Embracing the Tiger
Li Ya-xuanís commentary on Cheng Man-chingís recording of Yang Cheng-fuís oral transmission.
Translated by David Chen. October, 2002.
Proofread by Andy Unger.

Following is my translation on the posture of "Embrace Tiger, Return to Mountain" from Yang Chen-Fu's "Taijiquan Ti-Yung Quan Shu" (Complete principles and applications of Taijiquan), published in 1934, written by Professor Cheng Man-ching under Yang Cheng-fu's oral transmission.

Posture 19th: Embrace Tiger, Return to Mountain-----

"From the previous movement (Cross Hands), presume the opponent approaching me from behind at the right corner, at the moment I could not tell whether he is attacking with the arm or the leg, I immediately turn my waist and separate my arms, step my right foot towards him, then sink my weight into the front leg and keep my back leg straight; at the same time, my right arm followed the waist turn brushing towards the opponent's waist, then embrace him, followed by a forward push with my left hand; this is the reason for brushing (the opponent's waist) with the right wrist facing down first, then turn the wrist to embrace, as it called "Embrace Tiger".

"If the opponent reacted quickly and escaped from my embracing but get brushed off or pushed away, and returning with his left hand blow, I then use the Roll-back to deflect his attack. The following 3 movements (of Embrace Tiger, Return to Mountain) from Grasp The Sparrow's Tail-Roll-back, Press and Push---are the same as in the previous pages."
(End)

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Li Ya-xuanís private commentary regarding Cheng Man-chingís recording of the application of Embrace Tiger.
(Li Ya-xuan of Sichuan province, China. 1893-1976)

In 1949, when Li Ya Xuan was in Hong Kong he visited his teacher's first son - Yang Zhenming. Zhenming gave Li a copy of the book---"Complete principles and applications of Taijiquan." Later in his spare time Li read and critiqued the book. He wrote his comments in the upper margins. They appeared like "eyebrows" of the page, hence, they came to be known as Li's eyebrow comments.

Following is David Chen's translation on Li's "eyebrow comments" regarding Professor Cheng's original text on the application of "Embrace Tiger, Return to Mountain." (See above for the translation of original text)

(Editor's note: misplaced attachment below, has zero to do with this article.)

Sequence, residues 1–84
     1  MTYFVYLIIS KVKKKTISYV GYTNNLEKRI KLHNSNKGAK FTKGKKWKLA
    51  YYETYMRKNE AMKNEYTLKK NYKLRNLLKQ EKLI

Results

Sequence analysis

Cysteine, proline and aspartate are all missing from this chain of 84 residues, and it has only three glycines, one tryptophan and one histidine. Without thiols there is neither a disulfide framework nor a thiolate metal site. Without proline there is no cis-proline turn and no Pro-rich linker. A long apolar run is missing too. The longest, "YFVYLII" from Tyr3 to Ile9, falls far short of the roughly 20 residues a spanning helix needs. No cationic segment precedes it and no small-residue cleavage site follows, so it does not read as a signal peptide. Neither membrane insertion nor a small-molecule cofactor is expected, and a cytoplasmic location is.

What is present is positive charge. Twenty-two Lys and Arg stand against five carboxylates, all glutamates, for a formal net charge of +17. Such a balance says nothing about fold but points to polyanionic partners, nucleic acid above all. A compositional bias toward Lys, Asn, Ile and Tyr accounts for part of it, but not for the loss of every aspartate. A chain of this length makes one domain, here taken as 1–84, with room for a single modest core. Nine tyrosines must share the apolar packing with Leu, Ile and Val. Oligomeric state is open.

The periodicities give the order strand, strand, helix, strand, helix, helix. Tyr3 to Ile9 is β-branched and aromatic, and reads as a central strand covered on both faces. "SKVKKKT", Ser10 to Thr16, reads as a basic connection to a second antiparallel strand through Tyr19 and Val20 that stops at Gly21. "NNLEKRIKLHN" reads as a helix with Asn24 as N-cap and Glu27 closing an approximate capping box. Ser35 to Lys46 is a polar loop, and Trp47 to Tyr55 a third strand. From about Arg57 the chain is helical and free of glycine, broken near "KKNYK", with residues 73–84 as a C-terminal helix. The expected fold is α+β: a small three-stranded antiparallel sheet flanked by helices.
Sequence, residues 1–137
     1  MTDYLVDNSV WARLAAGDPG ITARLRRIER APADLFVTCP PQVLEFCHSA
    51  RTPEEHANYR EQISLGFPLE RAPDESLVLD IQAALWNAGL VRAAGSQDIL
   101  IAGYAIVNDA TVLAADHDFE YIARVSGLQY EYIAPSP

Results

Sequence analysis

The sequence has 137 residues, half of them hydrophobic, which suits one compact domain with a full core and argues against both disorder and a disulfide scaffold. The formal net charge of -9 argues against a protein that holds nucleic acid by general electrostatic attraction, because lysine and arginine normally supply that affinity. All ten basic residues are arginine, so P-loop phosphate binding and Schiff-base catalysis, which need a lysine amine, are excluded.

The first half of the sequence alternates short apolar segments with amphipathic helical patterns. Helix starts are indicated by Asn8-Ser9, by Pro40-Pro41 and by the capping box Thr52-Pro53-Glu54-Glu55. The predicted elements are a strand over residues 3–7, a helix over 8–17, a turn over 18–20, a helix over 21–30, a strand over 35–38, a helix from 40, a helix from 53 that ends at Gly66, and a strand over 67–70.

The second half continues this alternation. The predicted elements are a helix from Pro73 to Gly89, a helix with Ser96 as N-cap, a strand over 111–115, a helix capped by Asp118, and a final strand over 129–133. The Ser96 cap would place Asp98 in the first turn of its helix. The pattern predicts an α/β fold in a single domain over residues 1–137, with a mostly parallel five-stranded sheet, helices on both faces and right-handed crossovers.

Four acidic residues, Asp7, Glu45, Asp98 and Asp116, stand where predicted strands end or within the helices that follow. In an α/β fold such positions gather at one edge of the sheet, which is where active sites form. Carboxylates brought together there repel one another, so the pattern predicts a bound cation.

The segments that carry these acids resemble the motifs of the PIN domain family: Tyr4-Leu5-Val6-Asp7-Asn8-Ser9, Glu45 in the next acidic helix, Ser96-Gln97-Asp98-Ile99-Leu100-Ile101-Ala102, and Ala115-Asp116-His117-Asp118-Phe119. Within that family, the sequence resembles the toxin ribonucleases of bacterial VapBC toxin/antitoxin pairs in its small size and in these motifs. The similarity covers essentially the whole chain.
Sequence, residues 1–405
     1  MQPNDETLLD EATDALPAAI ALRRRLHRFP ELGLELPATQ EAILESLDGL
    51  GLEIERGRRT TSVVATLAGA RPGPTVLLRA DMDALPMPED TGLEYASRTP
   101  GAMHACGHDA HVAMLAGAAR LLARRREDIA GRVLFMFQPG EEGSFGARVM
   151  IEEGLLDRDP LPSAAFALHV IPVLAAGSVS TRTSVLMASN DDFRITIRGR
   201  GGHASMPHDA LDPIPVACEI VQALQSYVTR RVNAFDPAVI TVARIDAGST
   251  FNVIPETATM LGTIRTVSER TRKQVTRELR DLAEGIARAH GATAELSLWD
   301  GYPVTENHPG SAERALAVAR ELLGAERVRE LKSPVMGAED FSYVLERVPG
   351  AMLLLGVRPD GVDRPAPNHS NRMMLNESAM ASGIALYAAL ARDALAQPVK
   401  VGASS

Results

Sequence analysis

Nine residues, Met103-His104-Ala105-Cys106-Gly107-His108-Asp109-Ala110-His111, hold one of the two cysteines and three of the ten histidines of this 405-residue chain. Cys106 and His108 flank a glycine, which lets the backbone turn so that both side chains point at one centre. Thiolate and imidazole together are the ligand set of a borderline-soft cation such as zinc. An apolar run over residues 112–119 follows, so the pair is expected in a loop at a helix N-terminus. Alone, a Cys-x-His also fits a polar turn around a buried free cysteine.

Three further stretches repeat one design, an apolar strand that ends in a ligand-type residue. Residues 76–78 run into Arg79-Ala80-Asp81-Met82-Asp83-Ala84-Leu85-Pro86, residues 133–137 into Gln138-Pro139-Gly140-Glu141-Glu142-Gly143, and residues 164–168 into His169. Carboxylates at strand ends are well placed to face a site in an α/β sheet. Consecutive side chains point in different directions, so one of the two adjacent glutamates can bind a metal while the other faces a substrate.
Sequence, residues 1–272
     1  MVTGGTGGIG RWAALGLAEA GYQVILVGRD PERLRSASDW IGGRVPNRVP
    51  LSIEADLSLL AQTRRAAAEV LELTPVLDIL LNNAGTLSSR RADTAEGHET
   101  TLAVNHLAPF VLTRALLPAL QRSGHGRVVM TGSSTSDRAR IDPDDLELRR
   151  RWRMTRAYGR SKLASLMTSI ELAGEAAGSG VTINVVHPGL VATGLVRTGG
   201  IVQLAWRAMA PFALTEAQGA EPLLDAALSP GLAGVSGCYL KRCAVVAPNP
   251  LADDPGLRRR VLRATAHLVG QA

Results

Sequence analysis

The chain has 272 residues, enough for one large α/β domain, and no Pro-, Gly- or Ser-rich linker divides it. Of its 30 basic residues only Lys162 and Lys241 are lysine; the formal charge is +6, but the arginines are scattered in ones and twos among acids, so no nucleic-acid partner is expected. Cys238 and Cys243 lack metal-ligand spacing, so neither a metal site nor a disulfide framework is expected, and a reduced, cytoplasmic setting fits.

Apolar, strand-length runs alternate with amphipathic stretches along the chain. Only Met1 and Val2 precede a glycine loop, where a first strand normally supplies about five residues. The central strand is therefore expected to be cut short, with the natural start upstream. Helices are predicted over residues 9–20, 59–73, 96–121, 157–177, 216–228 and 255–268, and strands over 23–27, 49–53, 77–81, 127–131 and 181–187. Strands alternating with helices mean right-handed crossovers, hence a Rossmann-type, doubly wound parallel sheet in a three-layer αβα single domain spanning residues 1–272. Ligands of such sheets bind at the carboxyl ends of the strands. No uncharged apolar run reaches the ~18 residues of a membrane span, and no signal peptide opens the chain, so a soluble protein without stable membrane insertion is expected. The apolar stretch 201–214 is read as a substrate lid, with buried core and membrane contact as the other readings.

Li's commentary:
"He (Cheng Man-ching) said to embrace the opponent, then said if embracing doesn't work, then to push, then to roll-back, where was his mind at? It is nonsense!
It was supposed to be "Leopard and Tiger Return to Mountain" (Note by David: "Leopard" and "Embrace" are sharing the same pronunciation in Chinese.), where was this "Embrace Tiger" come from?
This movement is to depict the turning head and step action, which was similar to leopard and tiger returning to mountain.
Its application is identical to Xingyiquan's Tiger Pounce, only in Taijiquan we practice it in a slow manner in order to describe its inner meaning; now people misinterpreted "Leopard" with "Embrace", it is a big mistake, plus, the beast such as tiger how can anyone "embrace" it?
He (Cheng Man-ching) said the embrace followed by 3 movements from Grasp The Sparrow's Tail-Rollback, Press and Push, but where's Ward-off?
Obviously he doesn't know what the Ward-off is."
(End of Liís commentary for this posture)

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There were 18 commentaries from Li regarding Professor's interpretation; Li's son-in-law Chen Long-xian published these notes to Yongnian Taijiquan magazine in China ( Yongnian County is Yang family's hometown). When I met the editor of the magazine in 2003 at the summit of Yang style lineage holders, he said he didnít publish the second part of Liís 18 commentaries due to many different opinions and responses from the readers towards the first part.

I was told that Li had no intention to publicize his personal notes; as many readers have a habit of jotting down thoughts in the margins but that doesn't represent their final viewpoints. I was told that because Cheng Man-ching was only a junior student when studying with Yang Chen-fu during the recording, Cheng would not dare to change a word of his teacher's oral transmission, plus, Yang would have to approve them by asking Cheng read back to him. (Note: Yang Cheng-fu was a simple man, while Cheng Man-ching was already a professor in a college.)

I think, there are many posture names and descriptions in Yang style Taijiquan that have long lost of their original meanings due to generations of "oral transmission" through different dialects and accents. If we look at from the practical point of "Grasp Spiralís Tail," "Repulse Monkey," "Snake Creeps Down," and "Step-back Ride the Tiger," I think "Leopard and Tiger Return to Mountain (together?)" is as impractical as "Embrace Tiger;" not to mention these animals in Chinese kongfu were only meant to be poetic metaphor of martial applications.

David Chen